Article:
Increase Your Private Practice Profit, Without More Patients

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You want your practice to grow but you don’t have the bandwidth to take on more clients just yet. Do you have toBut, it takes a bit more shrewdness to be able to spot and exploit other more non-conventional forms of income that can be just as lucrative for a business as a growing client base.

Benefits of client retention as a method of boosting profits

A solid client retention strategy is a sure way to anchor your existing clients to your business.  Imagine a patient is experiencing lower back problems and approaches you for help.  Do you only take the pain away or do you ensure that the patient is enhancing his ability to perform musculoskeletal tasks?  Patients that see a clear clinical pathway relating to their condition, will not only feel better about their recovery but are much more likely to be a good source of referrals.

Alternatively, keeping your service offering diversified is a sure way to maintain a comprehensive product package and keep your client retention high.  Don’t only look at treatment as your core product.  Which common patient issues have a clear pathway to other treatments such as Pilates or specific personal training?  And where would it help the client to always introduce specific equipment to help their progress?  These additions may look simple, but many practices let go of revenue as they let patients fall through the cracks of recovery.

Client retention strategy fundamentals  

To build a solid client retention strategy, you have to understand the fundamentals of each client’s journey.  There are two types of these, that together make up the augmented retention strategy fundamentals:

Clinical fundamentals

These relate to your onsite experience, and include: practice encounter, reception welcome and processing, first 10 minutes with the clinician, the ability of the clinician to remember each patient’s ailment, etc.

Non-clinical fundamentals

These relate to remote aspects of the practice such as website experience, online bookings, ease of getting through telephonically, etc.

For patients to come knocking at your door again, they will expect both sets of fundamentals to continuously meet their expectations.

Have you ever documented the fundamentals required at each stage of the client journey?  Have you compared what you do today to what is required, to see what action you now need to take?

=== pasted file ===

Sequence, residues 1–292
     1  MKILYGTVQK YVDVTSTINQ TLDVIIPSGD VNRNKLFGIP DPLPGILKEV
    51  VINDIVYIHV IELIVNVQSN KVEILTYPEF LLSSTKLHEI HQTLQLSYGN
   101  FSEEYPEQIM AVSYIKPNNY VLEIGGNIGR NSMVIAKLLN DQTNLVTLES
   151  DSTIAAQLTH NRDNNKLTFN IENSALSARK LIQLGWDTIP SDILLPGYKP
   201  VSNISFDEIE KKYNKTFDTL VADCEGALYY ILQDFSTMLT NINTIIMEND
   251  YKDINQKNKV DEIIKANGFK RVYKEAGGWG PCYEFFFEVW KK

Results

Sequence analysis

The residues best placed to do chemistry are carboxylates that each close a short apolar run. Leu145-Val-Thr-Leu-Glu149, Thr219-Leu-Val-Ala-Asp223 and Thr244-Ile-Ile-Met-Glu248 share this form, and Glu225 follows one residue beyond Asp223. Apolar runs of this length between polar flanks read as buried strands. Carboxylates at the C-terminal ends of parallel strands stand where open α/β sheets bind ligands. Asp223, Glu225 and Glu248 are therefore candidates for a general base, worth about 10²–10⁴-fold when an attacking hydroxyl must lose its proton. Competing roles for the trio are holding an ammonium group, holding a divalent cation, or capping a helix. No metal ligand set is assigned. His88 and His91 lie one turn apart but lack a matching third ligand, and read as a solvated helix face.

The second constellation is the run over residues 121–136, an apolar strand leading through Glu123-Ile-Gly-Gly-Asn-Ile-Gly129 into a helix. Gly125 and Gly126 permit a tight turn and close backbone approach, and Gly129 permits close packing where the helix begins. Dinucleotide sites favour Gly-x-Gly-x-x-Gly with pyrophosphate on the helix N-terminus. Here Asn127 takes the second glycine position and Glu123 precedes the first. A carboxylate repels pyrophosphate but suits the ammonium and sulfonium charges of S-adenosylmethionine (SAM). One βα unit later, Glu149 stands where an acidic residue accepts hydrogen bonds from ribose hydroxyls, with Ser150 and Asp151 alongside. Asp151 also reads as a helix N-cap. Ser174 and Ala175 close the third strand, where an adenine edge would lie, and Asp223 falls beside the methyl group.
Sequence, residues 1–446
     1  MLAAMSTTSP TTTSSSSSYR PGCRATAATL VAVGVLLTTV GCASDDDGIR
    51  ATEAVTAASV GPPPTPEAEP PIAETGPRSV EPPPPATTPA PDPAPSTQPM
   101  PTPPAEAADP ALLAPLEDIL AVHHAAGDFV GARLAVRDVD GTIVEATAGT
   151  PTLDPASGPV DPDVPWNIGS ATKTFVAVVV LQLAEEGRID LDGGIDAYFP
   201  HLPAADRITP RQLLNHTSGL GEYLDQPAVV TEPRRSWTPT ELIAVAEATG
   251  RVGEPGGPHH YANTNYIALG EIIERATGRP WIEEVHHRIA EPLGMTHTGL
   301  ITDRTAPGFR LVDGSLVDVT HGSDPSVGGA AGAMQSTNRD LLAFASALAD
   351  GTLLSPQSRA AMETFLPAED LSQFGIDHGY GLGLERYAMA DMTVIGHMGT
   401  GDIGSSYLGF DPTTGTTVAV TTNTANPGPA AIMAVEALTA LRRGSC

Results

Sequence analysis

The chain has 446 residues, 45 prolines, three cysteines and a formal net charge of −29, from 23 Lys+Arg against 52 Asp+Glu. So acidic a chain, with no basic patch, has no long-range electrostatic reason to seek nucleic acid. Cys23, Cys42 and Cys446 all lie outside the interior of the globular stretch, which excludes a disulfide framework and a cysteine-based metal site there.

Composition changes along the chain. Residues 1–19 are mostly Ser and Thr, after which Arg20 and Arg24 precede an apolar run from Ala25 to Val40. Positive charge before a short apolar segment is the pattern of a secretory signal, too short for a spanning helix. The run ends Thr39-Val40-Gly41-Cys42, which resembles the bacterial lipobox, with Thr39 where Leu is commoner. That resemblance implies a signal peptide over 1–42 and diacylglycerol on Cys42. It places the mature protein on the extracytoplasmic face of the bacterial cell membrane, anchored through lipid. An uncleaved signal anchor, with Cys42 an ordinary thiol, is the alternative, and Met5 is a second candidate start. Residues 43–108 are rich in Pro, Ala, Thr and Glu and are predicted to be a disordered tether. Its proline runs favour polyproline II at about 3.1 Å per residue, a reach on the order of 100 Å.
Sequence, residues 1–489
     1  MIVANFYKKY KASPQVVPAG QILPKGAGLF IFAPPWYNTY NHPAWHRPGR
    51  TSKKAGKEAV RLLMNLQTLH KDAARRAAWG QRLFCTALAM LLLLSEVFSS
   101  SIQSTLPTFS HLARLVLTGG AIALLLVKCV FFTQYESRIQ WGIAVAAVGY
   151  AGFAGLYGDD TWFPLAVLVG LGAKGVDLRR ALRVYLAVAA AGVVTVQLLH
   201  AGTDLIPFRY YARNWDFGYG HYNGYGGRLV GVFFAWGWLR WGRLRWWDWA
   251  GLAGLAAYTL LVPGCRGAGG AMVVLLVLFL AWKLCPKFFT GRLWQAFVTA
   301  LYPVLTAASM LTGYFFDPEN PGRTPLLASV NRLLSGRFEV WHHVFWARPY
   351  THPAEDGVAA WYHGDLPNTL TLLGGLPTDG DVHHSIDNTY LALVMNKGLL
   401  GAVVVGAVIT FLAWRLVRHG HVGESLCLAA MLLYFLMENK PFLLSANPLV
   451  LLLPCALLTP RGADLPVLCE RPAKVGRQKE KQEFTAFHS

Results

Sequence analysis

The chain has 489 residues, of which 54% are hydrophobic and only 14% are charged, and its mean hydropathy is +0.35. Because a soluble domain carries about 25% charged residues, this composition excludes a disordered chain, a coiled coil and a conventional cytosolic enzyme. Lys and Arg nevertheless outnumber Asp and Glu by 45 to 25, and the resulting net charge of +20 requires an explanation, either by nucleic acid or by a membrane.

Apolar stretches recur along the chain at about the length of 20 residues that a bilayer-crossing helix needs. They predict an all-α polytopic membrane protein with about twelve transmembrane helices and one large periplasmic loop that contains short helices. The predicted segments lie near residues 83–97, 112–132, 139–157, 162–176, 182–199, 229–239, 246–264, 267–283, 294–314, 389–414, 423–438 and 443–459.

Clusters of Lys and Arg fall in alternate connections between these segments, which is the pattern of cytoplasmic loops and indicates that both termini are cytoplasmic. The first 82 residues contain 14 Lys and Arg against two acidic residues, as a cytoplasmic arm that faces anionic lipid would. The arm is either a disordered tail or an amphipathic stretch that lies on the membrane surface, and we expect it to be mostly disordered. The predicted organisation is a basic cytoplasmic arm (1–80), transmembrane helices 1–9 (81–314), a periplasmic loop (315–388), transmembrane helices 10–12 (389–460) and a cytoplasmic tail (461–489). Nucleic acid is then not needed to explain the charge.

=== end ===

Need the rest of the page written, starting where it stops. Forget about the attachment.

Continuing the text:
The importance of knowing what your cost per client is

It’s a far lesser investment to keep an existing client than to try to bring a new one on board.  To start off with, you need to know what your cost per client is, in order to increase your profits.  However, should you not have this information on hand, then holding onto your existing clients and having longer retention paths is advisable.  New clients need to be exposed to a good dose of marketing to familiarise themselves with your business, and that type of publicity usually comes at a cost.  Existing clients have already been acquainted and virtually require no marketing effort.

Always remember that fulfilled clients will plant the seed of their satisfaction with their friends and family, resulting in word-of-mouth marketing.  According to recent data, as much as 70% of patients that come through the door of a physiotherapist for the first time, can be as a result of referrals.  Should you have a good retention strategy in place, your number of referrals will naturally be higher.  And, even though it’s hard to say what a good referral rate ought to be, any percentage under 100% equates to possible missed business opportunities.

Nontraditional earning methods in a physical therapy practice

Besides the obvious method of holding onto your existing clients, there is another less conventional but just as lucrative method to supplement your profits.  You might notice that both after-hours and during office hours, you have unused space in your practice.  This might be an empty consultancy room or a bigger space where group activities can be conducted.  Lying idle, such space is underutilised and renting this out to those who might need that space, provides a quick and effective cash injection for your business.  But, beware – over-reliance on this rent can cause you to start looking at it as a regular source of income, taking away the focus that you ought to have on your core products and services.

Conversely, you can pursue renting out additional space yourself.  Even though, on the surface, this might appear as a further expense, obtaining strategically positioned space to expand your business into is a sure cash cow.  For example, think of a small physiotherapeutic room at the local gym.  Or a chiropractor consultancy at your community’s home for the elderly.  Taking the business to the heart of where the demand exists, is a sure way to tap into income potential.

Earning methods – the choice is yours

Ultimately, you have various methods at your disposal to increase your profit.  You can use marketing to expand more horizontally, by bringing new clients on board.  Or, have a more linear income growth by fine-tuning your current resources towards greater profitability.  This can include holding onto your existing clients and using these as evangelists of referrals, as well as more unconventional sources like free space rentals.

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